Find constructive critics. At work I have the art director I work under, and for my art projects at home I try to send images to friends who can give me honest feedback. Don’t just rely on people who give you unconditional praise. You won’t grow unless you get some correction. And for goodness sake, develop a thick skin. There’s nothing worse than a beginner who refuses to listen to a wise critic.

Learn from the best. I regularly read book design blogs and follow artists I like online, making special effort to find out what their work process is like. In whatever creative field your interests lie, find a number of people to watch. You might even try dropping them a line or talk with them if they have a blog or social media presence. A lot of creative people are pretty generous about answering honest questions from those really wanting to learn.

Any other people have good tips for creativity? Let me know!

John Herreid

John Herreid

John Herreid is catalog manager at Ignatius Press. In addition to catalogs and ads, he has also worked on the cover design for many Ignatius Press books and DVDs. He lives in the San Francisco Bay Area with his wife and four children.

Tags: creativity design work process writing


  1. January 9, 2015 at 5:52 pm

    I just want to sit up and scream, “AMEN!” So often, the creative aspects of my job spend my creative energy, the fuzzy, ill-defined leftovers being committed haphazardly to personal projects. I have found ways to incorporate personal creativity with professional creativity, but it isn’t enough. There are dinners to make, homework to check, laundry to fold. When the time isn’t readily available, we really must force ourselves to do SOMETHING. So, for you it was an art museum. For me, it is gardens. I feel creative when I am around green, growing things. Sometimes, it is just making what I AM doing creative- creative cooking, dressing the children in new outfits, singing with them. All that said (and again, a symphonic AMEN), I don’t believe creativity can last without stillness. Stillness is to creativity as oxygen is to fire. It needs it to find that depth, the connection to art done and art to-be. It is in the still and the quiet that creativity is birthed into creation.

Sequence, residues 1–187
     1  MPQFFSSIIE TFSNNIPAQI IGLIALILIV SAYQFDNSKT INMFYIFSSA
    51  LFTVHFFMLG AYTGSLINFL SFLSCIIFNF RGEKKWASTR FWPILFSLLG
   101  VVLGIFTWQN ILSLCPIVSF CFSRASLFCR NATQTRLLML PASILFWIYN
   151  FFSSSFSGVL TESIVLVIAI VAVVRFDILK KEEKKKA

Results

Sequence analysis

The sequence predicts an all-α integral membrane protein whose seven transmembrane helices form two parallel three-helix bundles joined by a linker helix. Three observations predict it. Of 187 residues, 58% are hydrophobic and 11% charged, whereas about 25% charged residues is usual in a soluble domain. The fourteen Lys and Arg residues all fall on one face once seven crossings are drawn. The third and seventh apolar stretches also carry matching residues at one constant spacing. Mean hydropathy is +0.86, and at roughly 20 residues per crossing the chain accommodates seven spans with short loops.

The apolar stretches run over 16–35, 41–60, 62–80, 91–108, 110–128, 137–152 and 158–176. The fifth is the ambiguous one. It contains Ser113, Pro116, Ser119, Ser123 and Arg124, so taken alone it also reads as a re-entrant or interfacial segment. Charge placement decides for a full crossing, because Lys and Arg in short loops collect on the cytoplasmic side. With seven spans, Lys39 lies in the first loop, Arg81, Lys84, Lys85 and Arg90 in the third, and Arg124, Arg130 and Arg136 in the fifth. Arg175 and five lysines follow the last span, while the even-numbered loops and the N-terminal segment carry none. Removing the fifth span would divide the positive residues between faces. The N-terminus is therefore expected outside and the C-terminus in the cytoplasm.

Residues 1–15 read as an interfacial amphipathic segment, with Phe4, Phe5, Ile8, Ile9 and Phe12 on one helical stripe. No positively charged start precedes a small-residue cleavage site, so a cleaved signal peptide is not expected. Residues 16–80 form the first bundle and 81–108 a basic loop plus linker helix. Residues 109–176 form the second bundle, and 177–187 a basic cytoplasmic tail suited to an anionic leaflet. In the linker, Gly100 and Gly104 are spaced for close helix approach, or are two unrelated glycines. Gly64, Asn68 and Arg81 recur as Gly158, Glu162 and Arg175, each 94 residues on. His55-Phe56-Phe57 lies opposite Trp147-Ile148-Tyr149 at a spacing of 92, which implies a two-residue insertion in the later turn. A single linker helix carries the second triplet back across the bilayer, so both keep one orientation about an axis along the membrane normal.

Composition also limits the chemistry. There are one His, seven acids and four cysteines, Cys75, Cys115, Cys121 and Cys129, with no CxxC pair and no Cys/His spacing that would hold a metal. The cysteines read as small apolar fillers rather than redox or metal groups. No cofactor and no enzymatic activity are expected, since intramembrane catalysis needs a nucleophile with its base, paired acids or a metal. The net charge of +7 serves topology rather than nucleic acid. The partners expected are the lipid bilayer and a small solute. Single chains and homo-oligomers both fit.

2. John Herreid

    January 9, 2015 at 5:59 pm

    Thanks, Kristi! I wrote a bit in an earlier post about the need to get some solitude from time to time so that creativity can come to the surface:

    I like your points about using everyday tasks as creative outlets. I try to do that as well!

  3. January 10, 2015 at 5:18 pm

    Great post, John. Worthy bulletin board material! Numbers 2 and 4 are very hard for me, but I’ve, thankfully, been pretty good at a couple of the others.

  4. January 11, 2015 at 9:54 pm

    Well said all around! A stoical outlook is helpful. Acclaim and self-satisfaction are poisons of the sort where a bit is beneficial and very much is deadly, if not to the creative process, at least to the creator. As Seneca once urged, “Avoid whatever is approved by the crowd.” I am not sure this explains why so many artists are unable to equal their early efforts, but it may go far toward accounting for the wreckage of their personal lives. Birds of a feather … maybe works for birds, peacocks strutting their stuff and parrots repeating what they have heard excepted.

  5. January 11, 2015 at 9:55 pm

    Fantastic! Thank you.

  6. John Herreid

    January 12, 2015 at 11:38 am

    Thanks! G.K. Chesterton once said that “the artistic temperament is a disease that afflicts amateurs”. He was speaking of something slightly different that what I wrote about here, but it applies as well. Without some discipline, talent gets squandered.